No such rebasing occurs during the lifespan of a “relevant property” trust, so, raising cash to fund IHT by CGT disposals is more expensive.  Furthermore, it is not always possible to raise cash by such disposals.  We know of a number of trusts where the funds are raised from sources which are charged to income tax (sometimes receipts which a layman would characterise as “income” such as dividends but other times receipts which a layman would expect to be charged to CGT, such as sales of shares to the issuing company (often at a discounted value) but which are classified as “distributions” for income tax purposes and therefore charged to tax at a high rate). 


The cost of funding IHT is particularly onerous where the primary asset of a relevant property trust is a shareholding in a property investment company.  If funds are extracted by means of a “distribution” then only 61% of the distribution is available to fund the IHT.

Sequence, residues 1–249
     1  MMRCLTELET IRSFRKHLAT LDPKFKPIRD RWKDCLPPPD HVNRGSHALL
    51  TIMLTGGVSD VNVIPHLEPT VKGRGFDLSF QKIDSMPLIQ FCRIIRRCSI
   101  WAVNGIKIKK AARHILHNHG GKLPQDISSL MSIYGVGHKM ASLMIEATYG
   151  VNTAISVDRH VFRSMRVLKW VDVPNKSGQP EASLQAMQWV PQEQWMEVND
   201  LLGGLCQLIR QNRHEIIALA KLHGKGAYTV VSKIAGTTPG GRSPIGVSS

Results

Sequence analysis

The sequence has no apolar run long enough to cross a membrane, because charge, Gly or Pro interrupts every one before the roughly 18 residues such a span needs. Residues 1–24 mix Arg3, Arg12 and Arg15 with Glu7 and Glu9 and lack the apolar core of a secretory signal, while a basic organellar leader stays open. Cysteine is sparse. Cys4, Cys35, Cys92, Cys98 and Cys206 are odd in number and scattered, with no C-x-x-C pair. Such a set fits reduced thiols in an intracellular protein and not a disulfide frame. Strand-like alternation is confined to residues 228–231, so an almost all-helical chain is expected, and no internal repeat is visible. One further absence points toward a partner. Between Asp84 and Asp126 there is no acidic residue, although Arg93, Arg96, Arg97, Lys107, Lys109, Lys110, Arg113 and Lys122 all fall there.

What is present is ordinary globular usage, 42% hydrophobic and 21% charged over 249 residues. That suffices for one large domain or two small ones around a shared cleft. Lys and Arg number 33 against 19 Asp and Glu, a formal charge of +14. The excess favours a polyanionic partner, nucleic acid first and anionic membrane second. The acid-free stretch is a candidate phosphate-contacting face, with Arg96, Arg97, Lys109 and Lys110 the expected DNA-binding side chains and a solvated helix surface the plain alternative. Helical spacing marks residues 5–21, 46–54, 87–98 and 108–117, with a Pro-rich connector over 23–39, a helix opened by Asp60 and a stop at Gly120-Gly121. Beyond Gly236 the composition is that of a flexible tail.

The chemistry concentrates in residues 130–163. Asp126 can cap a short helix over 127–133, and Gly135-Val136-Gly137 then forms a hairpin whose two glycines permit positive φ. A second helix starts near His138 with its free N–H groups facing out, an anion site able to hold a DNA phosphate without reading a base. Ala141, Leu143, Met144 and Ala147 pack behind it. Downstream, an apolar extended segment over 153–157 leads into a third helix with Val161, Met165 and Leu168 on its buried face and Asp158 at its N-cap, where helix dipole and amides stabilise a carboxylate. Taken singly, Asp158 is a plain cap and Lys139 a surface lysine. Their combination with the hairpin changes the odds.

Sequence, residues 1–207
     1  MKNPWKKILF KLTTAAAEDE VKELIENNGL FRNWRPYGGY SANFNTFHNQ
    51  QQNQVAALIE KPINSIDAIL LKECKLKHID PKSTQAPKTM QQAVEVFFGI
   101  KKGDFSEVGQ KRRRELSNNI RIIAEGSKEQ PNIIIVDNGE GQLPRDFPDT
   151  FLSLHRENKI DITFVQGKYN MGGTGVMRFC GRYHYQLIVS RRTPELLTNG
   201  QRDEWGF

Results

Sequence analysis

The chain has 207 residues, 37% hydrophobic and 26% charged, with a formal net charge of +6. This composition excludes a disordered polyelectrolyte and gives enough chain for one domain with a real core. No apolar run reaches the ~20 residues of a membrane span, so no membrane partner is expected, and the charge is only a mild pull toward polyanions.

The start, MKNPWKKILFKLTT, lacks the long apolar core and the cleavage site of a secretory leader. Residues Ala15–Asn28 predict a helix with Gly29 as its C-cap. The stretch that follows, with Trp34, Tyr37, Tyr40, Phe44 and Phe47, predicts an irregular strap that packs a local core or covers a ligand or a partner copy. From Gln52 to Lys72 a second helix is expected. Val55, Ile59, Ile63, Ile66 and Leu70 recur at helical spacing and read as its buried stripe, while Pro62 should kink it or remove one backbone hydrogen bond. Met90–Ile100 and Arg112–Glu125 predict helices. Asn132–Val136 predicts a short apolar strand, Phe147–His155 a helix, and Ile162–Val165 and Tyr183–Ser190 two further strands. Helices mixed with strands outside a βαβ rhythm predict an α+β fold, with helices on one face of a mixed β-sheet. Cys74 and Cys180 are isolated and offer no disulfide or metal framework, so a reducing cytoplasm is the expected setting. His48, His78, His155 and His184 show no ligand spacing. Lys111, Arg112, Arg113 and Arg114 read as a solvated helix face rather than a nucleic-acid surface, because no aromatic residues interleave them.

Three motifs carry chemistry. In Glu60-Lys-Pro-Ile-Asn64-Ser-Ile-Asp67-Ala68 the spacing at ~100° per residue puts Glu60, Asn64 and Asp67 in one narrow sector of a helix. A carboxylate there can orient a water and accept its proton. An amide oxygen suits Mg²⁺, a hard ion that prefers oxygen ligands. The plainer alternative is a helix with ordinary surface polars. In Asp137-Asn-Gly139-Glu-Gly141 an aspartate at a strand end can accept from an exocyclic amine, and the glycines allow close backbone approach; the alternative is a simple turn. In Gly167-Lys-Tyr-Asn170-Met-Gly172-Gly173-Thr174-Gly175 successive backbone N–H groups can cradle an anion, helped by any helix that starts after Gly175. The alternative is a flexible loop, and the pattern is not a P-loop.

A number of landed estates are held by trusts through the medium of property investment companies.  We know from experience that they find funding IHT ten year charges difficult but just about manageable.  If the rate were increased that could lead to the break-up of these estates which we believe would be contrary to the public interest.


  • In general terms trusts are subject to a less generous CGT regime than individuals, an obvious example being “entrepreneurs’ relief”.


  • In circumstances where income is not taxable from the outset in the hands of an individual (and therefore classically in the case of a discretionary trust) trust income is subject to the very highest income tax rates regardless of quantum. In addition the operation of the “tax pool” can result in additional income tax that no layman would expect to operate.